Most erotic science fiction imagines a civilization on the rise, one where the latest gadgets and technologies are things of wonder and awe. The future is usually bright and shiny, full of sparkling chrome and unblemished porcelain, and surrounded by the blinking lights and electric hum of technological perfection. With The Bachelor Machine, M. Christian looks past that technological honeymoon, imagining instead a civilization on the decline. In his future, the gadgets are tarnished and broken, exposing the ugly legacy of humanity’s twisted desires through their own malfunctioning machinations.
Yet, for all that, they are truly incredible toys to behold . . . the kind of gadgets that make you wonder just how much of yourself you’d be willing to sacrifice for a taste of the temporary pleasures they can provide.
Having said all that, the experience of reading The Bachelor Machine is not just one of technological wonder or erotic arousal. It’s also one of confusion and uncertainty, of equal measures dread and desire. These are stories that lead you on, draw you in, and take rude liberties with your expectations. Yes, reading them is like watching an erotic train wreck, but it’s more than that – it’s like enjoying the impending wreckage from inside a luxury sedan that’s stuck on the tracks . . . and being far too enthralled to abandon your seat.
A few words on my favourite stories:
- State is a disturbingly erotic tale of a robotic prostitute forced to play out her client’s ‘daddy’ fantasies . . . except the robot is really a young woman who gets off on the deception as much as she does the fantasy.
- Winged Memory is the increasingly creepy tale of a young man so obsessed with the robotic prostitute down the street that he literally sells his memories to pay for the temporary bliss of sexual gratification . . . until he can’t even remember who she is or why he craves her.
- Everything But the Smell of Lilies is the unsettling tale of a woman who plays dead for a living, offering herself up to serve the violent fantasies of her clients . . . only to get stuck in an ambulance with a necrophiliac.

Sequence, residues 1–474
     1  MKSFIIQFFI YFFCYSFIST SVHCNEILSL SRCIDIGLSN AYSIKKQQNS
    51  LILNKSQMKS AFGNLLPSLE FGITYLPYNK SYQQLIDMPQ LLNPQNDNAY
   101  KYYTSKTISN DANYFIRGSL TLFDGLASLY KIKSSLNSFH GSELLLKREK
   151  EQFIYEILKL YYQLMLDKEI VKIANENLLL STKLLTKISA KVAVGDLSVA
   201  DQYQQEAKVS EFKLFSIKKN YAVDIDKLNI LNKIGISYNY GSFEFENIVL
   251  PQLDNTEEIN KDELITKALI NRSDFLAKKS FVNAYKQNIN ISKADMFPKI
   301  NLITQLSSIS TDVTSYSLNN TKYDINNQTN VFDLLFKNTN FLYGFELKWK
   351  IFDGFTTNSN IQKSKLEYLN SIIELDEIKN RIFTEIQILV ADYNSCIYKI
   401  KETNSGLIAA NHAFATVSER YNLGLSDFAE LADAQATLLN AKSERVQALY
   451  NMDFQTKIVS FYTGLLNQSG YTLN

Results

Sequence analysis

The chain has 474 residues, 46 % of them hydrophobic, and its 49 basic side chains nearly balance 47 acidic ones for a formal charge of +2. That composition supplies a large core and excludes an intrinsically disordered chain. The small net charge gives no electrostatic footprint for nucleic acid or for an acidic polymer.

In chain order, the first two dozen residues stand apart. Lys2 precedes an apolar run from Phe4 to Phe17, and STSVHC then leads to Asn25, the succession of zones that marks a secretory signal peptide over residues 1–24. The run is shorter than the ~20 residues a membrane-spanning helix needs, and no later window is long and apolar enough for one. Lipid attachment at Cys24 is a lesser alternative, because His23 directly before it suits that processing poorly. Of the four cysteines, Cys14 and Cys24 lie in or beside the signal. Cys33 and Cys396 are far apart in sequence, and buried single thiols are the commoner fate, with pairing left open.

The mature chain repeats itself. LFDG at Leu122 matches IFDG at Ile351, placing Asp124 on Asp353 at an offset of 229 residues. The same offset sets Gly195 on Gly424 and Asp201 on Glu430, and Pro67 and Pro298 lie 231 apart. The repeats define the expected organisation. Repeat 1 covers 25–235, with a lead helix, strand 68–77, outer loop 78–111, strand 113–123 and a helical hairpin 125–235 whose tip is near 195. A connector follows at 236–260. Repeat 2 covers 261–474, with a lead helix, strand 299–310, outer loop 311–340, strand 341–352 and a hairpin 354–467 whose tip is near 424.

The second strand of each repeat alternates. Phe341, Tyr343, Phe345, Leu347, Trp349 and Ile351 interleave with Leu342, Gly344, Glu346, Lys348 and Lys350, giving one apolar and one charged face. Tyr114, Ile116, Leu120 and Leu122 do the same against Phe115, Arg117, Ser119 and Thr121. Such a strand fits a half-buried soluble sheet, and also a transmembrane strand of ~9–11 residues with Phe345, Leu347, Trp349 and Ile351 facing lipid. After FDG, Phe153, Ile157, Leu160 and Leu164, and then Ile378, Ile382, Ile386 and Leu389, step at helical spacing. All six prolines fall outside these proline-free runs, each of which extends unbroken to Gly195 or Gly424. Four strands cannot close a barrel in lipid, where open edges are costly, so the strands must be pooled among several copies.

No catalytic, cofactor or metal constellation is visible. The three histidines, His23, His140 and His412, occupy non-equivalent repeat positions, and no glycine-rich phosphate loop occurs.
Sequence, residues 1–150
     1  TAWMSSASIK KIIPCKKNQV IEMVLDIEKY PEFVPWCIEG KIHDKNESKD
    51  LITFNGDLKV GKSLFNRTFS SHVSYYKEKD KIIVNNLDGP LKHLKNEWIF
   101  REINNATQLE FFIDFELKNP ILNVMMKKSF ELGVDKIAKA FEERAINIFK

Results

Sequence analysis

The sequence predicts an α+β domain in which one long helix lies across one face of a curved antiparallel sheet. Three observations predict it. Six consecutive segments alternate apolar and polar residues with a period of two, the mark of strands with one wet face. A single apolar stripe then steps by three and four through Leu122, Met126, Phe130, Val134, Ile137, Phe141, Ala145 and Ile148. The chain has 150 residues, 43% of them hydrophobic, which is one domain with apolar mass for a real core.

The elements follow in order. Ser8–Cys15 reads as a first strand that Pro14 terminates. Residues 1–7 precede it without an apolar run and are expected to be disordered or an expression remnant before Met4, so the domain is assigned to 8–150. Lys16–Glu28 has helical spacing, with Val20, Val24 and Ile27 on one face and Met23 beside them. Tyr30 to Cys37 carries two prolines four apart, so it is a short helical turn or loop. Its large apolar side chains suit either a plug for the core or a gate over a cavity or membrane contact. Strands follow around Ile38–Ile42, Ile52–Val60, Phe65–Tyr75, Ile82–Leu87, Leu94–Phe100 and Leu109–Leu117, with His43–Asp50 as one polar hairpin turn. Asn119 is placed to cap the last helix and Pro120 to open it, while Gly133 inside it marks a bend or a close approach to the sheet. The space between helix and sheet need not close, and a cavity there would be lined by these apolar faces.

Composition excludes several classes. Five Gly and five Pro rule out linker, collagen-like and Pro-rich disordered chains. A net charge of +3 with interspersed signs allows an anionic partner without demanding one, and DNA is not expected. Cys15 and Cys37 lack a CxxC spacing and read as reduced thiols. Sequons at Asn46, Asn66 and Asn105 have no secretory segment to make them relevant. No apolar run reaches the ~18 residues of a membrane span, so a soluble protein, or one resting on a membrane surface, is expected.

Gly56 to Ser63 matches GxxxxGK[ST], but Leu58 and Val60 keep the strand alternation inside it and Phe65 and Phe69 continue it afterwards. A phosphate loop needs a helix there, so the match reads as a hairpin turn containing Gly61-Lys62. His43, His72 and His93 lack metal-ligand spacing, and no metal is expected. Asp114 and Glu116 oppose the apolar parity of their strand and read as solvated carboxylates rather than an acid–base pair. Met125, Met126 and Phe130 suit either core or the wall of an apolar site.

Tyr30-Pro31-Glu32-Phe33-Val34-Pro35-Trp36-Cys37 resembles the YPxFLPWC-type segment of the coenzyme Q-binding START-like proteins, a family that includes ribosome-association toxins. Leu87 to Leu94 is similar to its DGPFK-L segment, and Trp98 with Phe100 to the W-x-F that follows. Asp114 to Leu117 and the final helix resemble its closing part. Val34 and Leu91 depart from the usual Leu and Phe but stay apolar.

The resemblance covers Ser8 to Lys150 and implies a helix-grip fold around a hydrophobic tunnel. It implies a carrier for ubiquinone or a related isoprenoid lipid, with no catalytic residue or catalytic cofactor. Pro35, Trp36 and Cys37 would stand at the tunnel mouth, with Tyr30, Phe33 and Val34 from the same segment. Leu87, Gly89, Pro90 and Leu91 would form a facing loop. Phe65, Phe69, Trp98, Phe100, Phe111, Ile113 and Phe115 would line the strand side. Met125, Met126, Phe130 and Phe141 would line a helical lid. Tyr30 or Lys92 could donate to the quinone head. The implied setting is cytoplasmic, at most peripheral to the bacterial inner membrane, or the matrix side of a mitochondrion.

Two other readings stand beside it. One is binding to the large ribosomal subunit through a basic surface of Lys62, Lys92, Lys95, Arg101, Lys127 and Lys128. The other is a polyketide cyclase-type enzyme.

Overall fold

- The New Motor is a bit of a different story, being more of a backwards looking tale involving 19th century spiritualists, a little steampunk sexuality, and a lot of faith in the machine . . . a machine that must die for humanity to live.
- Guernica is one of my favourites, the story of a repressive society where sexuality is illegal, leaving a small group of men and women to secretly indulge in their erotic power-exchange fantasies . . . giving life to the very real fears of punishment that exist outside the door.
- Switch is another of my favourites, the story of a human whore who leaves the brothel each day with her mind wiped clean of the memories of who her clients were and what she’s done with them . . . and who gets off on the thrill of never being able to know.
- Technophile is probably the sweetest and the saddest of all the tales here, introducing us to a young man and his technologically enhanced lover . . . whose literally can’t get it up because batteries have run low in his exquisite Long Thrust phallic replacement.
- Skin-Effect is kind of the polar opposite of Winged Memory, where a battle-scarred cyborg veteran regains both his memories and his humanity through a broken-down cyborg whore . . . whose mastery of him proves sex is as much mental as it is physical.
- The Bachelor Machine is another story that messes with our expectations, introducing us to what seems like a sweet story a young man who deliberately seeks out the affections of an obsolete and forgotten robotic prostitute . . . although the relationship between whore and client is far from what you'd expect.
Hopefully that gives you some small sense of the kind of stories we’re dealing with here. The Bachelor Machine simply IS science fiction erotica. Take away the elements of either genre, or isolate one at the expense of the other, and you’re left with a nonsensical string of words. These are stories that only work because of the fusion between human sexuality and technological assistance that – like the best of M. Christian’s gadgets – truly are more than the sum of their parts.
It’s not the most accessible collection out there, but that’s as it should be. The stories here challenge the mind even as they arouse the body, and then twist that around and challenge the body as they arouse the mind. You need to settle in and immerse yourself in the worlds being created here. So long as you don’t mind getting a little rust, grease, and blood all over you, it’s a ride worth taking . . . whether you’re on the train, or in the luxury sedan stuck on the tracks.